It's a lot more computationally efficient to use a max kmer length of 31, so that's how I designed it. I've tried shorter kmers down to about k=25 and not noticed an appreciable difference in normalization or error correction.

As for your prior (deleted) post, sorry for not responding - I think the problem was that you were running Java 6 instead of Java 7. Most of the programs in BBTools work fine in Java 6 but it looks like BBNorm requires Java 7 (or higher).

Corydoras 06-20-2014 01:06 AM

Hi Brian,

Thanks so much for that explanation :). I thought I wouldn't be able to go past 31 but it is best to double check.

Sorry as well for just deleting my post (and bombarding you with simple questions, new to the world of NGS!), I played around with updating the Java on our Linux machine and that did the trick :).

Thanks again for your help! And the fantastic and easy to use script!!


muol 06-23-2014 04:28 PM

Hi Brian,

Is there an option to set read quality encoding in bbnorm? I had to set qin=33 in bbduk for some Illumina 1.9 paired end libraries, but this option doesn't seem to exist in bbnorm (used BBMap v. 32.32 for Java 7).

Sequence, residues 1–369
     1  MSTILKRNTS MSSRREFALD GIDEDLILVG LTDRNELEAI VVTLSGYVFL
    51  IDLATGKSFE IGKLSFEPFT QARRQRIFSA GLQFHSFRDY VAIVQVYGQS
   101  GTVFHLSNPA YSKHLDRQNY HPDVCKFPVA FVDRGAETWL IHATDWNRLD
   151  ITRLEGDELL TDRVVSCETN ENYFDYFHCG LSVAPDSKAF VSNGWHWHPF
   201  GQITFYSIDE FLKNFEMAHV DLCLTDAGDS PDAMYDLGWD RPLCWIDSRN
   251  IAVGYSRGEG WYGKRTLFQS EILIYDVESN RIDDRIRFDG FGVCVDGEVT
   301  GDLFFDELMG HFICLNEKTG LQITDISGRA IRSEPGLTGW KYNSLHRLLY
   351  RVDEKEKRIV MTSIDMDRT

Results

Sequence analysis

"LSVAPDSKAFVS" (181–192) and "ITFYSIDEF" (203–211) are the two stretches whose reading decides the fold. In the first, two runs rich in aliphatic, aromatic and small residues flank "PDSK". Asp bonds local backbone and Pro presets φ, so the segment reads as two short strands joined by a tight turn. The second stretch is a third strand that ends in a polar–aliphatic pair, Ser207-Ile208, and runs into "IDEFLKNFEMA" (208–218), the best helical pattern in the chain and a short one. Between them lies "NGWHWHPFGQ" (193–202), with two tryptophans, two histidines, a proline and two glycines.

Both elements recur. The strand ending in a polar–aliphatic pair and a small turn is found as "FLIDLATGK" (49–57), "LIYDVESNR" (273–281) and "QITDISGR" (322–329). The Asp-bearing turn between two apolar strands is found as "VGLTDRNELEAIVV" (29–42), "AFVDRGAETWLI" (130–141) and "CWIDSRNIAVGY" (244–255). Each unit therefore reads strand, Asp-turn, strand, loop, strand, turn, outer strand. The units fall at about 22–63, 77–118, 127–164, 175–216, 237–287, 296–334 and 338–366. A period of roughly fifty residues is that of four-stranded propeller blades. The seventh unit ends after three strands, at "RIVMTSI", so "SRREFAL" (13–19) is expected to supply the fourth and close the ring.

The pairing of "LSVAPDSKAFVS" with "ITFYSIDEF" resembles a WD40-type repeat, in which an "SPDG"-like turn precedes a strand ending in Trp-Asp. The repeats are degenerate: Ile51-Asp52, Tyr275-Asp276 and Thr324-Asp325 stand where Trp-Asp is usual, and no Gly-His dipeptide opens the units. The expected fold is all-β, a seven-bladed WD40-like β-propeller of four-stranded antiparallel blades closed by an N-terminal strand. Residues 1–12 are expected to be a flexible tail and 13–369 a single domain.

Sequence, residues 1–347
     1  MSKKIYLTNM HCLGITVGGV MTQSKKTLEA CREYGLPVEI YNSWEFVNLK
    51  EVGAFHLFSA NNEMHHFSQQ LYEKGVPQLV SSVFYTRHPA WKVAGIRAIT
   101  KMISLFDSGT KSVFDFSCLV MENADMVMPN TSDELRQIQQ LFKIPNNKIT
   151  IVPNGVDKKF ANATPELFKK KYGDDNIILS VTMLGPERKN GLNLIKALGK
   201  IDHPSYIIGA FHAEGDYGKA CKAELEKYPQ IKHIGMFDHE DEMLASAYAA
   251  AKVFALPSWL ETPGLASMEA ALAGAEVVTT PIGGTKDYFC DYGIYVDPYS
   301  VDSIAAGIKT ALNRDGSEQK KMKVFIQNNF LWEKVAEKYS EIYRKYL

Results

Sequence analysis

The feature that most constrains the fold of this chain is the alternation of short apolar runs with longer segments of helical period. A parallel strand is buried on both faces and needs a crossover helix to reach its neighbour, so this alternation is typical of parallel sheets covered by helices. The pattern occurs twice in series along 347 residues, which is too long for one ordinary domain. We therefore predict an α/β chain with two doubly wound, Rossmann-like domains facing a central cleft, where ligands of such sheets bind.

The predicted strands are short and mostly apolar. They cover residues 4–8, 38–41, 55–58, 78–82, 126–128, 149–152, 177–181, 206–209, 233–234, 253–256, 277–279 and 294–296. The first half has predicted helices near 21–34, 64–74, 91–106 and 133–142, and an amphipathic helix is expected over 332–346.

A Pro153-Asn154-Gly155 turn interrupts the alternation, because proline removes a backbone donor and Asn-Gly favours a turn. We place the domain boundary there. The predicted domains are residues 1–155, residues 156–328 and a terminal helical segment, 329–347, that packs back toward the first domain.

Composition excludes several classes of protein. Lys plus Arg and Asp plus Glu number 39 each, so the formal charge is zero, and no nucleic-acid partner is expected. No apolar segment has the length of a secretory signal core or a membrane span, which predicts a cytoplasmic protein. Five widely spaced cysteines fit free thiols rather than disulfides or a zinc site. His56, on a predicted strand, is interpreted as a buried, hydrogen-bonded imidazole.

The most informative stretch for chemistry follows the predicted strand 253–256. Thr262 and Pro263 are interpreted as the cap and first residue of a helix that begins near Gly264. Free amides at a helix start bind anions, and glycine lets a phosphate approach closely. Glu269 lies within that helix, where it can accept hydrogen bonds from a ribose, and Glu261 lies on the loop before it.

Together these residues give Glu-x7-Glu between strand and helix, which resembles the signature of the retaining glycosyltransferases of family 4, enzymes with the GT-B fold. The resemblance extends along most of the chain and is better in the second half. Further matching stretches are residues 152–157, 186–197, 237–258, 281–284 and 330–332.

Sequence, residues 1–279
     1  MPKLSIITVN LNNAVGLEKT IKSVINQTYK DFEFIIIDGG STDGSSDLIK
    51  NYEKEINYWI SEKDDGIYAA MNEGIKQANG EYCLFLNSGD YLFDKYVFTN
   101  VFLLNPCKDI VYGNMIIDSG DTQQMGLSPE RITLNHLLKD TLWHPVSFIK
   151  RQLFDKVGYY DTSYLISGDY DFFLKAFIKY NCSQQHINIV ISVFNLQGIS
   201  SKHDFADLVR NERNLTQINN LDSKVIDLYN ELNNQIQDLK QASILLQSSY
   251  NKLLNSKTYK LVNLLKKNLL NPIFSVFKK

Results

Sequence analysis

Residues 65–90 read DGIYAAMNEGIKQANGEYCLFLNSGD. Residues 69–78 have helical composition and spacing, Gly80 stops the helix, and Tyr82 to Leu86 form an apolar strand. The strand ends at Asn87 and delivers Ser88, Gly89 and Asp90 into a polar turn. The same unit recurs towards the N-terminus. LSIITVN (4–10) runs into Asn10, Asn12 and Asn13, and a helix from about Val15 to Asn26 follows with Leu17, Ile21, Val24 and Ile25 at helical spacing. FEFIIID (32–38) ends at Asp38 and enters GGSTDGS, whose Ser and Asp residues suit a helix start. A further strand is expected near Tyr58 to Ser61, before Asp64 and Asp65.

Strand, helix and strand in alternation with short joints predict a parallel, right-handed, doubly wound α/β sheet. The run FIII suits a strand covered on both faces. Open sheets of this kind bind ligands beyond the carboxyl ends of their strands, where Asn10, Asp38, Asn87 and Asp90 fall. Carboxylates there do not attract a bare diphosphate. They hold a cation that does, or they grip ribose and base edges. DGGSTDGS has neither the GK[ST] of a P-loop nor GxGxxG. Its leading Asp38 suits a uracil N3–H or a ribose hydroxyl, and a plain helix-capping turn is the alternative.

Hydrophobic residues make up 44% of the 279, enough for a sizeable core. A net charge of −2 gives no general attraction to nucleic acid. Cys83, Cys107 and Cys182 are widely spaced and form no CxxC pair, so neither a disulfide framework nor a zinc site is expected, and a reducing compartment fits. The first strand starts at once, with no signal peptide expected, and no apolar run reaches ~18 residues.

Brian Bushnell 06-23-2014 04:44 PM


It's there, I just forgot to document it; sorry! I'll add that to the shellscript in the next release. I think that all of the programs in the package that read fastq input allow the "qin" flag.


muol 06-23-2014 04:54 PM

Indeed, just tried it and it works well with bbnorm.


muol 06-23-2014 06:07 PM


I ran into a smaller issue with bbnorm. When trying to input and output separate files for a PE library like this:

Code: in1=R1.fastq.gz in2=R2.fastq.gz out1=R1.bbnorm.fastq.gz out2=R2.bbnorm.fastq.gz prefilter=t tossbadreads=t ecc=t fixspikes=t qin=33 -Xmx72g target=40
I receive this error during pass 2:


Exception in thread "main" java.lang.AssertionError: Please do not set 'interleaved=true' with dual input files.